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Applelec

Applelec
Written by Roma Publications

Applelec

The relationship between retail store design and lighting is a close bond forged over many years. Long gone are the days when layout and lights were considered separate entities; one needs to take into account the other in order to achieve the best effect. IAN DRINKWATER, managing director of Applelec, discusses how recent technological innovations are opening up new possibilities for designers and specifiers alike.

Light years ahead

On today’s fiercely competitive high street, designers vie to deliver the most talked-about scheme with the most memorable ‘wow’ factor in order to make an outlet stand out from its peers.

Lighting is one weapon in the designer’s armour that can command stunning effects, particularly in the wake of recent developments in technology.

While it is well documented that lighting can have a profound effect on mood – unsurprising when you consider 80% of sensory information to the brain comes from a visual source – it can now also be used for wayfaring, to accentuate certain products and even to speed up the purchasing process.

Lighting up your mood

A retail store’s lighting scheme will largely depend on the desired atmosphere. Typically, bright lighting is associated with positivity and increases engagement. A discount clothes store, for instance, may wish to illuminate most of the store brightly to encourage customers to make quick decisions and put more into their basket.

By contrast, subtle illumination instils a sense of calm and relaxation, slowing down the rate at which we shop. Accent lighting can then be used to great effect to highlight certain products or areas. Louis Vuitton’s flagship store in London, for instance, employs warm, soft lighting to make customers relax while shelves and alcoves are brightly lit with spotlights in order to draw attention to the products, putting them ‘centre stage’.

A new era of possibilities

While none of this is likely to be news to interior designers and specifiers, technologies do exist to extend the ways in which lighting can be used, and to intensify the desired effect, be that subtle or striking.

In the past, options for lighting design were limited. Modules could be on the ceiling, freestanding or attached to a wall. Lighting within individual units was rarely found and inevitable required compromises.

The advent of technologies such as LED enables lighting to be completely incorporated into any interior design, opening the door to a myriad of opportunities. While these may not be without their challenges, a perfectly integrated lighting scheme can achieve stunning effects.

Colour rendering is one such example. Traditional fluorescent lights may not always give a true impression of colour; consumers may buy an item only to find when they get it home or into natural daylight it looks quite different.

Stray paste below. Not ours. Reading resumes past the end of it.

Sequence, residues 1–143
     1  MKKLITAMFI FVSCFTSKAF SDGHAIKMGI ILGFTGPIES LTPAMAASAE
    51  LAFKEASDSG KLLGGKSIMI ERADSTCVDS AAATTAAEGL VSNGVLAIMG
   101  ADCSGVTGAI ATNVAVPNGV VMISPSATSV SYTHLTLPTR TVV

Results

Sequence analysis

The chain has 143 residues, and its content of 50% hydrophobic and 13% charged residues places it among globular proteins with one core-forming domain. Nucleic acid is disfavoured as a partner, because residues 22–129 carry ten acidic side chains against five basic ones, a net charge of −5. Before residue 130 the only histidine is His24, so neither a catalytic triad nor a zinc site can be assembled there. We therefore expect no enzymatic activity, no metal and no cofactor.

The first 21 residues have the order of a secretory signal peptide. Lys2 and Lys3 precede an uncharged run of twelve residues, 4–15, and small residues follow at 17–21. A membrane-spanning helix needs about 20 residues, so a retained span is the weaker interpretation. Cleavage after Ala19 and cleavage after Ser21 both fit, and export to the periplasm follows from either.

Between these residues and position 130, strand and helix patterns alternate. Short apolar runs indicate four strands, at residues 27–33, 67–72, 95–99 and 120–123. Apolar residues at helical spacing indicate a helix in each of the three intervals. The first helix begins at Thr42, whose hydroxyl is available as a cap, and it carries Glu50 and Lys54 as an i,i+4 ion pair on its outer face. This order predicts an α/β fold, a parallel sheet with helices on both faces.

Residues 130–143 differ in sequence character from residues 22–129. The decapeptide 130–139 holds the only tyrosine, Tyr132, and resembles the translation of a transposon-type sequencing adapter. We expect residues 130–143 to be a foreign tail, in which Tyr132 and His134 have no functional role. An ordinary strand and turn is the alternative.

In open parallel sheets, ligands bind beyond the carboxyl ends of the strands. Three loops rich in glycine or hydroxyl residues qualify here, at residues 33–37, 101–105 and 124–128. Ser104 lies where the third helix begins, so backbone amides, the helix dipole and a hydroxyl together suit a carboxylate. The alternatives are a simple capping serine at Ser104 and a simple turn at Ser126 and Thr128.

LED luminaires enjoy superior colour rendering properties; however, it is also possible to create lighting that is extremely similar to natural daylight. OLED – organic light emitting diode – modules transmit light which is glare-free and without shadow; a comfortable, human-centric light that produces no UV and has low blue light levels.

Ideal for areas where natural light is at a premium, OLED, with its excellent colour rendering properties (it has a CRI of 90), is perfect for settings where gaining a true perception of colour is vital, such as cosmetic counters.

Incredibly slim with an impressive bending radius, flexible OLED panels can be manipulated into curves or waves. With a profile of just 0.41mm, the panels add virtually no depth to a design and integrate seamlessly into cabinets, furniture or textiles.

Sleek, contemporary rigid panels are also available to recreate traditional pendants that provide all the energy-efficient benefits of LED light without any uncomfortable glare or heat.

In addition, the company has invested significantly in R&D, enabling it to offer a bespoke design service where solutions are manufactured at the UK base in Bradford.

Innovative techniques such as 3D printing can be incorporated with OLED panels, as illustrated by The Ribbon, a stunning architectural centrepiece originally created for the 2016 London Design Festival by lighting artist Min Sang Cho.

The shape emulates a flowing ribbon, celebrating the flexibility and fluidity of OLED. Each section was manipulated by hand then covered in 24-carat gold leaf to heighten the light reflection.

Following the festival, The Ribbon was installed at its permanent home, the VIP room of the Genting Highland Casino in Malaysia.

Applelec, a Bradford-based supplier and manufacturer of signs, displays and lighting, is an official UK distributor of OLED panels. For more, please go to http://www.designwitholed.co.uk.

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